The warmer it gets, the more we use air conditioning. The more we use air conditioning, the warmer it gets. Is there any way out of this trap? Buying an air conditioner is perhaps the most popular individual response to climate change, and air conditioners are almost uniquely power-hungry appliances: a small unit cooling a single room, on average, consumes more power than running four fridges, while a central unit cooling an average house uses more power than 15. “Last year in Beijing, during a heatwave, 50% of the power capacity was going to air conditioning,” says John Dulac, an analyst at the International Energy Agency (IEA). “These are ‘oh shit’ moments.” There are just over 1bn single-room air conditioning units in the world right now – about one for every seven people on earth. Numerous reports have projected that by 2050 there are likely to be more than 4.5bn, making them as ubiquitous as the mobile phone is today. The US already uses as much electricity for air conditioning each year as the UK uses in total. The IEA projects that as the rest of the world reaches similar levels, air conditioning will use about 13% of all electricity worldwide, and produce 2bn tonnes of CO2 a year – about the same amount as India, the world’s third-largest emitter, produces today. A scheme to encourage engineers to build a more efficient air conditioner was launched last year by the Rocky Mountain Institute (RMI), a US-based energy policy thinktank, and endorsed by the UN environment programme and government of India. They are offering $3m to the winner of the inaugural Global Cooling prize. The aim is to design an air conditioner that is five times more efficient than the current standard model, but which costs no more than twice as much money to produce. They have received more than a hundred entries, from lone inventors to prominent universities, and even research teams from multibillion-dollar appliance giants.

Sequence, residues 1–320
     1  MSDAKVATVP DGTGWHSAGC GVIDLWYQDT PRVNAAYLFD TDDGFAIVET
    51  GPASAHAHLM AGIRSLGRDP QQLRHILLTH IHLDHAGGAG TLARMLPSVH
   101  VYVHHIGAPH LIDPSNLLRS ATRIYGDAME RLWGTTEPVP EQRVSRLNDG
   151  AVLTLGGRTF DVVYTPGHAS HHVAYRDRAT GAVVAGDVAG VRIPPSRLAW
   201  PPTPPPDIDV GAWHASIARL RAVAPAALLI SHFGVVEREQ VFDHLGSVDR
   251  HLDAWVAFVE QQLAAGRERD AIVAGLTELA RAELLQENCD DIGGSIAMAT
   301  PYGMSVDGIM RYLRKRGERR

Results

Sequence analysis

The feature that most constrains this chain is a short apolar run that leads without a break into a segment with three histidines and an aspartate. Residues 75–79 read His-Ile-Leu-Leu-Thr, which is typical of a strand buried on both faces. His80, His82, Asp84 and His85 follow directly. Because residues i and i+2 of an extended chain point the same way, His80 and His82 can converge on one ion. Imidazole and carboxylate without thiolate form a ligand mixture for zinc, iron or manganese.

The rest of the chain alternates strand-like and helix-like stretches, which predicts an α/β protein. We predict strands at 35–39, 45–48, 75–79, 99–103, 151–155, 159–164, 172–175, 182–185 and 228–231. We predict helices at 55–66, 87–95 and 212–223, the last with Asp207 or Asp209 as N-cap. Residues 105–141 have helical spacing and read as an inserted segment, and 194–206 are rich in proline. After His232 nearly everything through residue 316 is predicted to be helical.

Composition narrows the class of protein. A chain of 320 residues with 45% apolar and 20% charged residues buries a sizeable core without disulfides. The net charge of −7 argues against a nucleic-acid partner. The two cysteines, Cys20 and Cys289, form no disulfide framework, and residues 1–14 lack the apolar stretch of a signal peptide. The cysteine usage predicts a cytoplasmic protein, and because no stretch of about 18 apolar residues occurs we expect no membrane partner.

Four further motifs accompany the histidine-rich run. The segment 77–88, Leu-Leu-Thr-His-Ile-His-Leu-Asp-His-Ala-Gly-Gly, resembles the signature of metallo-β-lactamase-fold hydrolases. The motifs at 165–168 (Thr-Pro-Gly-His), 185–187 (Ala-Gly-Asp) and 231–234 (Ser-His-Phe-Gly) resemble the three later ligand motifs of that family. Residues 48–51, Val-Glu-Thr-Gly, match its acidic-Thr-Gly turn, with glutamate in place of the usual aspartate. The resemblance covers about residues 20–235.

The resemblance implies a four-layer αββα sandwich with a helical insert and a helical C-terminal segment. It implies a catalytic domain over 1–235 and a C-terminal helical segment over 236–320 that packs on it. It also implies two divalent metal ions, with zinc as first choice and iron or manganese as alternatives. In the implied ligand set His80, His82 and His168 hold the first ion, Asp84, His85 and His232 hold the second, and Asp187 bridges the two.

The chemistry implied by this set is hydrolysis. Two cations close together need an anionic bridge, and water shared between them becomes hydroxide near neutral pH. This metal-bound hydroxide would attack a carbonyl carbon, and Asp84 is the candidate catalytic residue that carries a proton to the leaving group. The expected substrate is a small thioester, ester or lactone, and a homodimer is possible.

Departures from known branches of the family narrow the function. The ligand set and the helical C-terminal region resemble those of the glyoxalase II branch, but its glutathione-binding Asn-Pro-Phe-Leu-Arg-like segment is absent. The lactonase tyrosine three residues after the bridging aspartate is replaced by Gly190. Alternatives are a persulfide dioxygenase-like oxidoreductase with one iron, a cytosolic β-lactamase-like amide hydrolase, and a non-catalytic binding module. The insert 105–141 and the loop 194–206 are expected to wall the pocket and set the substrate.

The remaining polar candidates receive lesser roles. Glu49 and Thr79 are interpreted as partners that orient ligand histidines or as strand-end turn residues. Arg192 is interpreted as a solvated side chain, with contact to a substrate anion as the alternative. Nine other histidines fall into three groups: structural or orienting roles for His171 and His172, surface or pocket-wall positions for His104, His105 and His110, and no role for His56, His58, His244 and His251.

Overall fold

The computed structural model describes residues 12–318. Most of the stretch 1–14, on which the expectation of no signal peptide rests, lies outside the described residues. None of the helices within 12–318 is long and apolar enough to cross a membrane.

Guardian 29th Aug 2019 read more »